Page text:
Her knitted characters are just so wonderful!   I especially loved the Little Dumpling Ladies!  (just look at this adorable lady in the YARN SHOP!!)  Besides, I'm rather a "little dumpling lady", myself.  ;o)

And, although I am unlikely to ever actually make anything from one of her patterns (since they are knit in pieces and sewn together and I dislike doing that, and they have LOTS of little details that make them gorgeous, but I don't like to fiddle with), I really enjoy looking at the pics, and thought that I might pick up a tip or two, like a different way of making hair, etc.  Or just more inspiration!  :o)  Just looking at these beautiful creations makes me very happy!  :o)

Kinki Knitting...

I've recently purchased some new circular needles from (I use circulars for all my knitting), and I'm just crazy about them!  They're lovely, silky smooth bamboo, with nice flexible cables, really smooth joins, and SWIVELS inside the joins!  I really love working with them! And they have sizes all the way down to US 0!

The brand is Kinki Amibari (KA), with prices starting from $7.35 for 16 inch needles (the length I use for knitting small items in the round).  The sizes range from US0 up to US17 and most sizes cost under $8.00!  Compare that to Addi Natura's (which are nice but don't have a very smooth join) for $13.00 to $16.00 each!  The Kinki Amibari needles come in several lengths, though I didn't look at the prices of any but the 16" length.

Previously, my favorite needles, and really the only needles I liked to work with, were vintage nylon circs, which haven't been made in a lot of years.  I've been collecting these needles for several years, getting them wherever I could find them, but it's becoming more and more difficult.  So I'm ecstatic to find needles that I'm really enjoying using that are readily available!  Hurray!   Be forewarned though, there is usually a one week delay before the needles are shipped from since they are ordering them from the manufacturer in Japan.  But they're definitely worth the wait!  :o)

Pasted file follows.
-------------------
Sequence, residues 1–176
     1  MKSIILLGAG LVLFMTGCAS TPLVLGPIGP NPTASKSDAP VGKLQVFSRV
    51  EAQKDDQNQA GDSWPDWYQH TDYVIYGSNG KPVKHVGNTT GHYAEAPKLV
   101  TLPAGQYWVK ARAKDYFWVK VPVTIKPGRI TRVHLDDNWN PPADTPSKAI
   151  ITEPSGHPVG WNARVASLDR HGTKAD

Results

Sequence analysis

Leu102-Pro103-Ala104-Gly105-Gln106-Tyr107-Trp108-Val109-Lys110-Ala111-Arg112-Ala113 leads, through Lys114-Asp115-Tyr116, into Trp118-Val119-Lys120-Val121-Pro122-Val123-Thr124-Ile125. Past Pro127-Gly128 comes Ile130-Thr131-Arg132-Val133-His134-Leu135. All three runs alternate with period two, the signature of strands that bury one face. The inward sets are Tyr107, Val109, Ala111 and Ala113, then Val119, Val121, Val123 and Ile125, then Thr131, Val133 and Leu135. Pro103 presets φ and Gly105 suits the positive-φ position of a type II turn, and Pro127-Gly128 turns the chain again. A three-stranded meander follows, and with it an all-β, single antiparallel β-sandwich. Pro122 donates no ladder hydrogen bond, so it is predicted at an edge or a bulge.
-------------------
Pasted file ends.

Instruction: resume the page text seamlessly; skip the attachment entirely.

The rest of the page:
Well, I just talked myself into going and ordering some more!  Yay!

(A little post script:  Please forgive the erratic spacing in this post.  I'm having some trouble with the coding produced by Vox's compose window.)

Wednesday, September 26, 2007

Character Peeps - Marvel Comics' the Thing

I recently posted a new Character Peep to our flickr pages modeled after the Marvel Comics' character the Thing (link), and suddenly, it went a little mad in our e-world!  :o)  Apparently, there is a LOT of interest in the Thing (member of the Fantastic Four in Marvel Comics, and recently immortalized even further in a big screen movie).  Folks were viewing and blogging about our humble little version, and interest in a pattern became apparent.

Making the Thing
Unfortunately, as I've mentioned, I rarely knit from a pattern, and usually knit freehand, inventing (sculpting the shape) as I go, so there is really no exact documentation of how I made the Thing.  I can reconstruct a close approximation of how I made him, but the exact execution will be up to anyone who wants to duplicate my efforts.
Update: I'm hard at work, writing an actual pattern.  I hope to have it finished within the next week, and I will post a link here as soon as it is ready.

I did take a few "in progress" photos, during his construction, and hope that they will help you to visualize the process.  I will include them on the page with the pattern when it is completed.


There is really nothing very unusual about the construction of the Thing. He's actually engineered in the same way as any basic, two-legged, standing, toy, and can be crocheted, instead of knit, if you prefer.  My version is knit in seed stitch (k1p1 then knit the purls and purl the knits) except for the shorts which are stockinette.

If you've made other toys or amigurumi, he is made using the same process.

  • Starting from one foot, knit the foot and leg in the round in the same way that you'd knit a simple sock or bootie.
  • Put the stitches from the first leg onto a holder and make the second leg the same as the first and add the toes to both feet.
  • Attach the color for the shorts and knit across both legs (front and back), picking up the stitches for the first leg from the holder.

  • Knit the torso in the round up to the neck, (changing back to the body color at the waist).
  • Knit the head and arms (including the fingers) and sew them onto the torso.
  • Knit the brow ridge and sew it on.
  • Knit the waistband and sew it on
  • Pop in the eyes and embroider the mouth

VOILA!  The Thing!

Since he wasn't going to a small child, I did insert pipe cleaners into the legs, arms and torso, to give a little posability and stability (because he's so top heavy).

For much more detailed instructions, please see the Pattern for the Thing linked to on the

MERRY CHRISTMAS! Our gifts to you - PATTERNS!!

post. (now finished!)    :o)

Monday, September 10, 2007

Peeps! and how to make them... Introduction

To view the Peeps Collection, please visit our flickr site